The documents show both the Treasury and Ministry of Education opposed the Government’s plan to allow partnership schools to hire unregistered teachers.

Treasury told the Government that teacher registration is an indication of a minimum level of quality.

Charter Schools are a failed idea, led by a failing politician.

JB+JK-I-dont-recalll

As indicated at the PPTA link above, there is still time to make a submission.  We have a high quality education system that will only be undermined by Charter Schools. There is room for improvement, but this also requires reducing the inequality gap in NZ.  Charter Schools will do nothing to reduce inequalities.

36 comments on “Charter Schools: A failed idea”

  1. Draco T Bastard 1

    Charter Schools aren’t about producing better results, they’re about getting more government/public money into the hands of the capitalists.

  2. tc 2

    Reminds me of the scene in Blackadder II where the sea captain states he doesn’t have crew and there’s 2 schools of thought about that being a bad idea, his and everyone else’s.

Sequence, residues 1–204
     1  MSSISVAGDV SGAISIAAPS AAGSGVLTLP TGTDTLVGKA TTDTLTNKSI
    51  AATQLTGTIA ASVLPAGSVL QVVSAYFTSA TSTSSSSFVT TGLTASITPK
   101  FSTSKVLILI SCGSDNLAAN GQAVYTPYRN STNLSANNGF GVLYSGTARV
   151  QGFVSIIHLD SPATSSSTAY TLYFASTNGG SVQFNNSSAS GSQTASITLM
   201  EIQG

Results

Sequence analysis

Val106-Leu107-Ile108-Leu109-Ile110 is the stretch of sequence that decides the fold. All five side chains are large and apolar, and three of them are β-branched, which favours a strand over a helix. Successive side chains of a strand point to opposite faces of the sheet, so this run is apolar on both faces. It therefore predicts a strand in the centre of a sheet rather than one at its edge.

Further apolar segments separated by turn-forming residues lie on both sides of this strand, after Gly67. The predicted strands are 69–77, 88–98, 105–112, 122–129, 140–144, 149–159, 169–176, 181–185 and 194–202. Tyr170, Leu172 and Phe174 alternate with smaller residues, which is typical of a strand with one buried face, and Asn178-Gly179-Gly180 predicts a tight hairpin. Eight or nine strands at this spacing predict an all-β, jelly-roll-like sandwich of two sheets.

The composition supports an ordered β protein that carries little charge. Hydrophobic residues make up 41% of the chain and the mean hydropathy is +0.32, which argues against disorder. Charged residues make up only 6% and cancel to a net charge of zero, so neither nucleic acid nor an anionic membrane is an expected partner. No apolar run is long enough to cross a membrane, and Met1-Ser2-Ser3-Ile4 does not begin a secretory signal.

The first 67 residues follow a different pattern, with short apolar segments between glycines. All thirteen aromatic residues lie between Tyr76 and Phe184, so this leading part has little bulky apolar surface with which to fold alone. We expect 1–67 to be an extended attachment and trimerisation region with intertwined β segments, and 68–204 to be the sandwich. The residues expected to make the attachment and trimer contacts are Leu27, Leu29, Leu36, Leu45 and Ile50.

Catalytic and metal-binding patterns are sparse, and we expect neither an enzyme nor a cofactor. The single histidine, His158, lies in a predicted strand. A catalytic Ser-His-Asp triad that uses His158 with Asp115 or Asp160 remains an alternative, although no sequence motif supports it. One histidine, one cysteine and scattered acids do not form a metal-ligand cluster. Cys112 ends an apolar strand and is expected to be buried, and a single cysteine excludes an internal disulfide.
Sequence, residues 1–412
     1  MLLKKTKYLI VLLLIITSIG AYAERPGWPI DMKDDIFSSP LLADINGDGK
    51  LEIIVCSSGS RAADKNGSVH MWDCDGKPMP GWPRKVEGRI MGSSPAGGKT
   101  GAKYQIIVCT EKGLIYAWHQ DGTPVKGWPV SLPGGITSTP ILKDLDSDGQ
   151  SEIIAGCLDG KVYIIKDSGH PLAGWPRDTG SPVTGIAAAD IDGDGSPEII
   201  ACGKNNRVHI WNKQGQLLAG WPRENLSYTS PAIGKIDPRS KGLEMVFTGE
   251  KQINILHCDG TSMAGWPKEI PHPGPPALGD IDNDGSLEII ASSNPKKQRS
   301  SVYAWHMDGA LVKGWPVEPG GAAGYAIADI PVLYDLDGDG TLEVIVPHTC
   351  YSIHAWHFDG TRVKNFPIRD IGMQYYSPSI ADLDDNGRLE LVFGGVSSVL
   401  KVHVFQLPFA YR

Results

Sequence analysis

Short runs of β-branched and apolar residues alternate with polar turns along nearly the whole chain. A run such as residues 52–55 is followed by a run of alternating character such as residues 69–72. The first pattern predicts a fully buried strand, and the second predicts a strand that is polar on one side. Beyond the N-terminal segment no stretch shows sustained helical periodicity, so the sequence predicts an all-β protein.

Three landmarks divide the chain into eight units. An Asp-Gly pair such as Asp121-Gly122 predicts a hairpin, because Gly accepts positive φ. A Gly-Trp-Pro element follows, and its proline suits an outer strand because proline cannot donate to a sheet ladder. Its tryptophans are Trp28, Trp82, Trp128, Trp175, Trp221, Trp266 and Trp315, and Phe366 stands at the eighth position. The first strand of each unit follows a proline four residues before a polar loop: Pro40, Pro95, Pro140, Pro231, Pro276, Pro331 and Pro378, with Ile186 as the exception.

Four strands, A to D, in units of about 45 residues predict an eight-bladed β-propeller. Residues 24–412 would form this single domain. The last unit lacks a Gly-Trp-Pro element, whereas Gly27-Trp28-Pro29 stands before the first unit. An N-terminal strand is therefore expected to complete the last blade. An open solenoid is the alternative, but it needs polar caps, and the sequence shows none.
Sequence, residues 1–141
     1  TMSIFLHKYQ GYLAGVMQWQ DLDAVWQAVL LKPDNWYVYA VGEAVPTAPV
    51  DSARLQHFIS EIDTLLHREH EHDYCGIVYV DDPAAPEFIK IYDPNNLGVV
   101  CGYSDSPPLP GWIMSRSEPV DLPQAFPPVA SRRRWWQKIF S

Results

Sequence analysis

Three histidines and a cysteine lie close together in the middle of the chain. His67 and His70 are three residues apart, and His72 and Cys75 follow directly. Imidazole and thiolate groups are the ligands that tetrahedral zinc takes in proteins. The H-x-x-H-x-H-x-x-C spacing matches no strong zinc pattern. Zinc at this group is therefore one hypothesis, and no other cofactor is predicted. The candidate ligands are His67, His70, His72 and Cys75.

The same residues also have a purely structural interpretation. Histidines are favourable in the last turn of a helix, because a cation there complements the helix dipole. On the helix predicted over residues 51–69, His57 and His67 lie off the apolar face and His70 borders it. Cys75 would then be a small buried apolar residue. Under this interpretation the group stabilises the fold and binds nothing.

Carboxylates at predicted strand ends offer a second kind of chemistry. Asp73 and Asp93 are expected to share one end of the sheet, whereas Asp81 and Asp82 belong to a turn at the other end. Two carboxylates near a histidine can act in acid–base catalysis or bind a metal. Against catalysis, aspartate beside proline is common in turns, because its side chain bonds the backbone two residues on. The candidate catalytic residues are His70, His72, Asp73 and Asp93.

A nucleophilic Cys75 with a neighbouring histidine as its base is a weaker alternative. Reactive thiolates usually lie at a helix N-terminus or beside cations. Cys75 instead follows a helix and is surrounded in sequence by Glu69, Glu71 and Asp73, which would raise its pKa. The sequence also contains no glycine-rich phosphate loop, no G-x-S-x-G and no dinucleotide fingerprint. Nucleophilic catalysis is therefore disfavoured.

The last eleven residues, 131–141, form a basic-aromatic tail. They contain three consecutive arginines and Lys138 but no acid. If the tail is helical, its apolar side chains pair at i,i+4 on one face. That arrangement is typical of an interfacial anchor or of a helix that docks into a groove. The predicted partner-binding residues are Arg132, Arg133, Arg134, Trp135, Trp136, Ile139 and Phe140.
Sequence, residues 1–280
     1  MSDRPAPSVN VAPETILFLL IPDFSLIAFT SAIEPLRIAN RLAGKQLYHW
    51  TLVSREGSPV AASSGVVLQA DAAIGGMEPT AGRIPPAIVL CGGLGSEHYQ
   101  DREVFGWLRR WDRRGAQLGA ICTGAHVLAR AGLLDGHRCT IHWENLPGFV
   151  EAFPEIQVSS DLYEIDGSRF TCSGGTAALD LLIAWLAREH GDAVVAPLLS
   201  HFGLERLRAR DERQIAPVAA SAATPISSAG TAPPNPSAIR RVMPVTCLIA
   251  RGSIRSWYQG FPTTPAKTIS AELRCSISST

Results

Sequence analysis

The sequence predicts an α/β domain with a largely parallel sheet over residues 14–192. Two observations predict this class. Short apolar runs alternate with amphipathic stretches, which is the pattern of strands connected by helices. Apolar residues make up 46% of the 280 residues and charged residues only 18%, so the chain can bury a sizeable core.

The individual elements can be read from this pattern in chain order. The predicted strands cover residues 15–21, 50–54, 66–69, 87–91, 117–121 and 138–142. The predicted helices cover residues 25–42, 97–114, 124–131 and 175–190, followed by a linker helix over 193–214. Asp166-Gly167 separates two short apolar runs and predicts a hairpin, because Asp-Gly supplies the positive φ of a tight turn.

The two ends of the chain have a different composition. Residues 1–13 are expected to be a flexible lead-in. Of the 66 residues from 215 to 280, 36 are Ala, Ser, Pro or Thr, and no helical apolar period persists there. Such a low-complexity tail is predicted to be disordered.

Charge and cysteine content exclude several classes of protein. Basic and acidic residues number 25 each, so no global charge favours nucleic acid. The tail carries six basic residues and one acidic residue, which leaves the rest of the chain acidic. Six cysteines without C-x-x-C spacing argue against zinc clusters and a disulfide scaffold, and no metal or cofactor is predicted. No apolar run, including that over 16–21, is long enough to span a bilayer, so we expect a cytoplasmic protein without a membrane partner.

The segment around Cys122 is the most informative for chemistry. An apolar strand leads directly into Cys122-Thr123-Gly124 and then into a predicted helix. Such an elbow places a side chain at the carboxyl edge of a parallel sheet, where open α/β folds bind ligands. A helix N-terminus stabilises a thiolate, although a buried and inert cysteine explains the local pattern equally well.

Banks will not front any debates, he’ll stick to the slogans and play the old man memory card.

  3. Rodel 3

    Charter schools may be next in the Asset ‘sales’…read ‘theft’…. beginning with OUR power companies.

    a quote from ‘ How We Happened to Sell Off Our Electricity’ by James Meek
    http://www.lrb.co.uk/v34/n17/james-meek/how-we-happened-to-sell-off-our-

    ”Are you an enemy of liberal principles if you question the fact that, when local electrical engineers dig up the roads in London, they’re working for East Asia’s richest man, the Hong Kong-based Li Ka-shing? In north-east England, they work for Warren Buffett;….” .and so on.

    It’s happening here mums and dads.
    Could this be the next quote from an article “ How we happened to sell off our Schools” by Banks, Key and Parata et al.?

    ”Are you an enemy of liberal principles if you question the fact that, when untrained teachers work in Auckland schools, they’re working for East Asia’s richest man, the Hong Kong-based Li Ka-shing? In Welington they work for Warren Buffett;….” .and so on.

    It’s happening!

    • joe90 3.1

      I’d imagine the arrival of the Gulen movement and schools would end the charter malarkey.

      • karol 3.1.1